5. I found the Everyman version of the diary in a charity shop. It's very good. Which biography did you read? Do you recommend it?
  6. Thank you, everyone. Viccie, I have read the Thomas Creevey papers, but your other suggestions look fascinating, though I agree 22 volumes is too much. Pepys' Diary is long enough! Luna, Gentleman Jack sounds good. I wouldn't be squeamish about that, but I might about The Heroin Diaries. I hate seeing people in dramas pretending to shoot up, and I don't think I'd like reading about it either. Sounds like one to get from the library, if possible. The Country Diary of an Edwardian Lady I have from when it was first published. It's not something to read as a diary of curre
  7. Another excellent diary is 'To War with Whittaker' by Hermione, Countess of Ranfurly - Whittaker being her husband's valet. I wish I could remember the title or author of a diary, or possibly autobiography, about the childhood of a half-Scots, half-Russian girl before the Russian Revolution. She had a wonderful, highly priviledged childhood (decorating Easter eggs with real gold leaf!), but is able with hindsight to recognise the hard life the servants had. I think the family escaped to Scotland when the revolution started. Can anyone name it?
  8. Thank you very much for all suggestions. I have read some of these, such as Anne Frank, the Mass Observation ones and 'Nella Last's Peace'. My list was just what I could call to mind on the spur of the moment. However, the others are new to me and I will certainly look for them. Nancy Mitford's books are so good that I would expect her to write good letters. Another wartime diary I have read, with an English author who was married to a German involved in the plot to kill Hitler, was 'The Past is Myself', by Christabel Bielenberg. She and Marie Vassiltchikov probably knew each oth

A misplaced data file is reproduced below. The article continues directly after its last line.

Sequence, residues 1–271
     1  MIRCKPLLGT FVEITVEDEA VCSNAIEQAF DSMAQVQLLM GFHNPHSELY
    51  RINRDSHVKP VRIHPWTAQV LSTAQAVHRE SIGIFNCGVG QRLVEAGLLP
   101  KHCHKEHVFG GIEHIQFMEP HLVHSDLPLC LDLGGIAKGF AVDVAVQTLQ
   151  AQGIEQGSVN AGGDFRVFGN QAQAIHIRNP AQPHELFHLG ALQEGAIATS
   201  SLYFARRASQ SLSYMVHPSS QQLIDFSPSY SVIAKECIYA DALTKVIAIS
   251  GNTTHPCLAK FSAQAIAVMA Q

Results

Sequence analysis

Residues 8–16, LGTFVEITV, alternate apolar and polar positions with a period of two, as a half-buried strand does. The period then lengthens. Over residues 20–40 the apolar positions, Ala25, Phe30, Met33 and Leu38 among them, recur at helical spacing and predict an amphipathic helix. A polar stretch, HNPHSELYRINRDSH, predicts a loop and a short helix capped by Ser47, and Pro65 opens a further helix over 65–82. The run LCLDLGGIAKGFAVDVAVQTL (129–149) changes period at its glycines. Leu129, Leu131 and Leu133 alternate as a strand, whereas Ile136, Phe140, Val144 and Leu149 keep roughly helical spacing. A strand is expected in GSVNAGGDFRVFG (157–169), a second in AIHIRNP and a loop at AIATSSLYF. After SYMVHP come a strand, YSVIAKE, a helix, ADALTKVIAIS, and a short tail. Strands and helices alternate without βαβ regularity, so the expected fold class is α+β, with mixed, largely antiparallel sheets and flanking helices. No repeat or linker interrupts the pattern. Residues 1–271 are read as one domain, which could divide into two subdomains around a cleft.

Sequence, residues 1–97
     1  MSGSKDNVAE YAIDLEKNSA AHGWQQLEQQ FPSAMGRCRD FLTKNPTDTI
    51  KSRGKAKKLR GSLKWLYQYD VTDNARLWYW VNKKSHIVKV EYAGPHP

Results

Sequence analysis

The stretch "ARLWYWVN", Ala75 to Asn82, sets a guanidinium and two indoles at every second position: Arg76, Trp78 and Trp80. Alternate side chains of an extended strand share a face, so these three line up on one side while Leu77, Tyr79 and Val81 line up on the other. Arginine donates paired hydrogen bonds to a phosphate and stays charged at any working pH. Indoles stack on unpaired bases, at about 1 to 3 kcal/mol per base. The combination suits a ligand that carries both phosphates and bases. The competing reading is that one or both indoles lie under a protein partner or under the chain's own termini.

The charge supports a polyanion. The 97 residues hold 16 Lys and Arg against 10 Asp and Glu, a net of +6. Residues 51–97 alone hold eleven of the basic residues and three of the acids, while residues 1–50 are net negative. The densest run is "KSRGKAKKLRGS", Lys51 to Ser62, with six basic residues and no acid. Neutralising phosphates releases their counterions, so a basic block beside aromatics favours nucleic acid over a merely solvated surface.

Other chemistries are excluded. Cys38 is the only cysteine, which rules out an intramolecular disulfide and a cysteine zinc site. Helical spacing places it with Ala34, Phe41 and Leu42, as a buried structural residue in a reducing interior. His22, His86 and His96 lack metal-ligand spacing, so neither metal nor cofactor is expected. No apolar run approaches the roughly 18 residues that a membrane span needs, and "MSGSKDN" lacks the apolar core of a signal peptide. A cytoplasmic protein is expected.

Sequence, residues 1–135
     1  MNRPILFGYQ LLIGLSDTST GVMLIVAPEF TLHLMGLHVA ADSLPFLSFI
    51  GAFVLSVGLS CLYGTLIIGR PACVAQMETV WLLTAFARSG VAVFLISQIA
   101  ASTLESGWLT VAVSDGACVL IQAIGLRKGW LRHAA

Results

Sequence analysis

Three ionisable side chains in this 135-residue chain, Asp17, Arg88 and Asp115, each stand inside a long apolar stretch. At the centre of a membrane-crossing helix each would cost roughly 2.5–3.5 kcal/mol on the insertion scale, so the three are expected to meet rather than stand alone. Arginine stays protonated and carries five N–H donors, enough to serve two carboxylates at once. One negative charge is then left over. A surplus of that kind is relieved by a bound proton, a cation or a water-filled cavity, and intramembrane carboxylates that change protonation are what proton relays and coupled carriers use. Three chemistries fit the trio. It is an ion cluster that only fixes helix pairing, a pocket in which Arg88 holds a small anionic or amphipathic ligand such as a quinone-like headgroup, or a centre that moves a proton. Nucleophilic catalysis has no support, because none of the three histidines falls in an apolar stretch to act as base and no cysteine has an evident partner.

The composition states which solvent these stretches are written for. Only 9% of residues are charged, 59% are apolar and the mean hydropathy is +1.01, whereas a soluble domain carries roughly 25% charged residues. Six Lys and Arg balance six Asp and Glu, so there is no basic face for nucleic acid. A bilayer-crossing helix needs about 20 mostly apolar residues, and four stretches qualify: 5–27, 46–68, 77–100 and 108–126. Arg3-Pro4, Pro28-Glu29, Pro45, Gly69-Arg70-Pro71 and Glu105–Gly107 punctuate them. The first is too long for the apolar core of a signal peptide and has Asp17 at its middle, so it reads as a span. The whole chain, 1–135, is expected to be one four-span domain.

9. I love diaries, especially historic ones - they give a real insight into the period. Letters are good, too. Among my favourites are: Samuel Pepys (of course) Parson Woodforde (1759-1803) Francis Kilvert (1870-79) Jane Austen's letters The Wynne Diaries, from the time of the Napoleonic war 'Few Eggs and No Oranges', the wartime diaries of Vere Hodgson 'Housewife, 49', the wartime diaries of Nella Last. (Dates are diary dates, not birth and death.) They need to be readable, of course. I couldn't manage 'The Pastern Letters'. Can any
  10. Yay! thank you, Tagesmann. I'm delighted.